Be involved in your child’s activities
In this column I would like to discuss how success in activities and, more importantly, how a child’s belief that they have the support of their parents in the pursuit of new activities can empower and enable a child to protect themselves against a bully or a child molester.
Children, like all people, are dynamically stable. They are either feeling better about themselves or they are feeling worse. In a study commissioned by the American Association of University Women, it was found, nationwide, that the self-esteem of a young woman drops by 50 percent between third grade and 12th grade and that a young man’s self esteem drops by 42 percent.
There are too many causative factors to adequately cover in this article, so I will save it for another time. It is important to point out that self-esteem is the quality a person must posses to make safe choices and stand up to bullies.
The point is: We, as parents, have ready made opportunities to do something about the health of our children’s self-esteem based on the interest and support we give them in the activities they pursue.
The more confident our children are that they have our unconditional support, the more likely they are to come to us when they face the inevitable crisis of growing up. The more confident your children are that you will listen to their concerns and act on them, the more likely they are to stand up for themselves.
Participate in The Longevity Project
The Longevity Project is an annual campaign to help educate readers about what it takes to live a long, fulfilling life in our valley. This year Kevin shares his story of hope and celebration of life with his presentation Cracked, Not Broken as we explore the critical and relevant topic of mental health.
By the very nature of human interaction, the activities your children engage in will provide you with ample chances to prove to your children that you are there for them.
Do not miss these opportunities. How you handle them can be the key to your long term relationship with your children. Another major consideration: 84 percent of the time a child knows when an adult is trying to molest them, and the adult is usually in a position of authority.
It can only benefit your children if you are very selective of the adults you let interact with your child. When you put your child in soccer, hockey, karate or, baseball. What is more important to you, the activity or your child? Your child, of course.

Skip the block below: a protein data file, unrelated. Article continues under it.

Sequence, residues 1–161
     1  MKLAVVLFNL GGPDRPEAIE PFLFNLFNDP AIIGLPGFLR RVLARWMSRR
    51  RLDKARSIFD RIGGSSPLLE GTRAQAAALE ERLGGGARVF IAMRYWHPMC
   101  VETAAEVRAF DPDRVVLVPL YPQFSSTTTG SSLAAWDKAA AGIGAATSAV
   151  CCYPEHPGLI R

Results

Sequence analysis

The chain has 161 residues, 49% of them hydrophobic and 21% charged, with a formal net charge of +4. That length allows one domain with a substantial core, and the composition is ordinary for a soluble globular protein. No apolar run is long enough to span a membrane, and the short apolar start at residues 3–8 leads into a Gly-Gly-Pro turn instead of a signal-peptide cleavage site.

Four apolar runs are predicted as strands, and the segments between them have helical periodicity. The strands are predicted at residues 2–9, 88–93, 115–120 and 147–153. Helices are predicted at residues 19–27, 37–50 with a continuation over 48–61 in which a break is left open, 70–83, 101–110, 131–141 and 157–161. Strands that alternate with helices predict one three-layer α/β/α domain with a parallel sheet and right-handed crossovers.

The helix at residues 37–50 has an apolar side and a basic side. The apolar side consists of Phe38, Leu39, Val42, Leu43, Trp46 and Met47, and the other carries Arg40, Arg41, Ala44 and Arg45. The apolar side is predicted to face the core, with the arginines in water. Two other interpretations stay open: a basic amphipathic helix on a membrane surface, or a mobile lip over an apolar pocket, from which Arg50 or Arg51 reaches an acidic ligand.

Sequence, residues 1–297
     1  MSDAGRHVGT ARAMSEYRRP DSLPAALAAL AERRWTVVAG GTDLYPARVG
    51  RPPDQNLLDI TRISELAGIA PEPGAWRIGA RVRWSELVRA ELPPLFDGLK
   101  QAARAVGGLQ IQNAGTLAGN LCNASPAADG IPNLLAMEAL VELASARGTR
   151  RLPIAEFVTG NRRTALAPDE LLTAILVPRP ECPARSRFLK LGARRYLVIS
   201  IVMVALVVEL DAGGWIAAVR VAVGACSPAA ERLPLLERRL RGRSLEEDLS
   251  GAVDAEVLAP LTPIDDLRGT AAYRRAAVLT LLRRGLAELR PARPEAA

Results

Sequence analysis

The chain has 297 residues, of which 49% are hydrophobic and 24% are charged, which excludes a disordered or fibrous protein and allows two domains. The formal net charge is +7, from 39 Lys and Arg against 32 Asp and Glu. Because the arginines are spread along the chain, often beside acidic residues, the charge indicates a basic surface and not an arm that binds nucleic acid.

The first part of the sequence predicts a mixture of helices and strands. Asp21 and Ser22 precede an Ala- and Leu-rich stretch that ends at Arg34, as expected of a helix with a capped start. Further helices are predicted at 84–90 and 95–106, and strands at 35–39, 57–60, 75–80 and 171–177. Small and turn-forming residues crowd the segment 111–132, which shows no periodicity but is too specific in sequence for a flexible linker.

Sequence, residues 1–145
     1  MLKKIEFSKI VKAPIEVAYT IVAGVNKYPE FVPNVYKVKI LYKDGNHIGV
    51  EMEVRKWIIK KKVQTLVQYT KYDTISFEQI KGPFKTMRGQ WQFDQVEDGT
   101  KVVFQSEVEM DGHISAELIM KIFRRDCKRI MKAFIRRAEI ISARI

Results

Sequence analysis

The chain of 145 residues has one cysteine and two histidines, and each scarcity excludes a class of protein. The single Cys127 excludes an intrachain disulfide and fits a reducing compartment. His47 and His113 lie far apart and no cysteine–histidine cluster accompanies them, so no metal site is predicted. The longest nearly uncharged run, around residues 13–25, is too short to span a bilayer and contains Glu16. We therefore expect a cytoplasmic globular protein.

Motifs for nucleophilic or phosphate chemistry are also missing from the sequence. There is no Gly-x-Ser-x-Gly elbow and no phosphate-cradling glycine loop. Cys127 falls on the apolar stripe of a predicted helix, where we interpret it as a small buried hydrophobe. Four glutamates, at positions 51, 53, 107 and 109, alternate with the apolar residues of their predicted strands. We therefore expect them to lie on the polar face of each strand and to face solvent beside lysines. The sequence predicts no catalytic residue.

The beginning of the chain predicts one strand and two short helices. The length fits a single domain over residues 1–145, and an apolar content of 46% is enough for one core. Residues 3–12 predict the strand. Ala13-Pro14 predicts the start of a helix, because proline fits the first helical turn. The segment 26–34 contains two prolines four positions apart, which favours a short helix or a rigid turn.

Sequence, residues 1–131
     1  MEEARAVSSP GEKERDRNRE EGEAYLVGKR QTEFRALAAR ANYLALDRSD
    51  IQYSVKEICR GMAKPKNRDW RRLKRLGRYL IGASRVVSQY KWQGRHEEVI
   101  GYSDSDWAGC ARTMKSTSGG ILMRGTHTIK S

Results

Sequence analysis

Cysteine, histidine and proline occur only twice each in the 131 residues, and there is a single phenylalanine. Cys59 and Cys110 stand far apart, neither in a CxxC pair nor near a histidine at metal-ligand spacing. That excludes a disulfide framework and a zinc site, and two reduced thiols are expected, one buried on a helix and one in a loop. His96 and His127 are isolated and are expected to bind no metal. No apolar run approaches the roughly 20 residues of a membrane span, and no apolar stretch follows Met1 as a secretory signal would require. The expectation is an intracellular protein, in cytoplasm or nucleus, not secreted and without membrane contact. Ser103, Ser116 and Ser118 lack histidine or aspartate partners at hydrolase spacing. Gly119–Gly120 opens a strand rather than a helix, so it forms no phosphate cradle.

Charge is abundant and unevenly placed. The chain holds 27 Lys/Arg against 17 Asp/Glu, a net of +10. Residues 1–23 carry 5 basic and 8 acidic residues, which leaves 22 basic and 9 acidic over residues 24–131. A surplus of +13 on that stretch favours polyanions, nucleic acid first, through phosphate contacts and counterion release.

I highly recommend that you make sure the coach or instructor whose hand you put your child’s wellbeing feels the same. Unfortunately, we have all seen coaches who are more interested in their success as a coach than the feelings and personal growth of the children that they coach.
Aside from the fact that if a child has a negative experience in an activity, there is a high likelihood they will never try it again. Allowing an adult authority figure to marginalize your child’s efforts and needs can create a belief system in your child that nothing they do is good enough, they are not important and they have no rights to express their dissatisfaction and feelings.
I once had a hockey parent explain away the overzealous and brutal behavior of the coach of his 10-year-old’s team by saying that it was all right, because he once was a star college hockey player. Give me a break!
The personality that makes for a world class down hill racer is not necessarily the same personality trait that makes a world class ski teacher and especially a world class children’s ski teacher.
Having four children and working with many national children’s safety organizations for the last three decades, it has become quite clear that teaching children to have an equal respect for themselves and authority figures is paramount if we wish our children to stand up for themselves when the chips are down.
We want our children to be risk takers, to try new things and get as much satisfaction from the efforts they put in as the successes they have. Children who will not take risks are at risk to do drugs and alcohol.
If we think back to our childhoods, most of us can count on one hand the great teachers and coaches we had, the ones that made a positive difference in our lives. Really good children’s mentors are far and few between. For the sake of our children, we need to be critical consumers and monitor closely the activities our children are in.
One last thought: All instructors of children, regardless of the activity we teach, are first and foremost at you and your children’s service. It stands to reason that the better parent-instructor communication, the better we can do our job.
I firmly believe that the more parents communicate with me and observe my teaching, the better job I can do for their children. There is something very wrong when a teacher does not want you to watch them teach your child.
Matthew Bayley writes on safety issues.